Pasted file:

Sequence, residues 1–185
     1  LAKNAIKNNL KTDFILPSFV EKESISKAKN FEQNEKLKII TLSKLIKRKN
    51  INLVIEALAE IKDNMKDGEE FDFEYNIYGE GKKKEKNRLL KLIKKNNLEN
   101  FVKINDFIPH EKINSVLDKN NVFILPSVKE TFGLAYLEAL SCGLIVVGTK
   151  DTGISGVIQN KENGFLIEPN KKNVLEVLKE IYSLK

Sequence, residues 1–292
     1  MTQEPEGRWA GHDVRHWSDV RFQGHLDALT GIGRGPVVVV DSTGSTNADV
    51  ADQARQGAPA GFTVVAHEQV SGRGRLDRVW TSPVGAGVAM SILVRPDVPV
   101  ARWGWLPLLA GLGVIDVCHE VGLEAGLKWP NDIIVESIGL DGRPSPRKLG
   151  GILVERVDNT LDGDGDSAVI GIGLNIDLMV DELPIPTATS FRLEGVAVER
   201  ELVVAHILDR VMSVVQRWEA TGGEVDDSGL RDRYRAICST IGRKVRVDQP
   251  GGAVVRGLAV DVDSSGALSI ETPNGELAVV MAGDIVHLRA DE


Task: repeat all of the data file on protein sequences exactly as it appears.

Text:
Sequence, residues 1–185
     1  LAKNAIKNNL KTDFILPSFV EKESISKAKN FEQNEKLKII TLSKLIKRKN
    51  INLVIEALAE IKDNMKDGEE FDFEYNIYGE GKKKEKNRLL KLIKKNNLEN
   101  FVKINDFIPH EKINSVLDKN NVFILPSVKE TFGLAYLEAL SCGLIVVGTK
   151  DTGISGVIQN KENGFLIEPN KKNVLEVLKE IYSLK

Sequence, residues 1–292
     1  MTQEPEGRWA GHDVRHWSDV RFQGHLDALT GIGRGPVVVV DSTGSTNADV
    51  ADQARQGAPA GFTVVAHEQV SGRGRLDRVW TSPVGAGVAM SILVRPDVPV
   101  ARWGWLPLLA GLGVIDVCHE VGLEAGLKWP NDIIVESIGL DGRPSPRKLG
   151  GILVERVDNT LDGDGDSAVI GIGLNIDLMV DELPIPTATS FRLEGVAVER
   201  ELVVAHILDR VMSVVQRWEA TGGEVDDSGL RDRYRAICST IGRKVRVDQP
   251  GGAVVRGLAV DVDSSGALSI ETPNGELAVV MAGDIVHLRA DE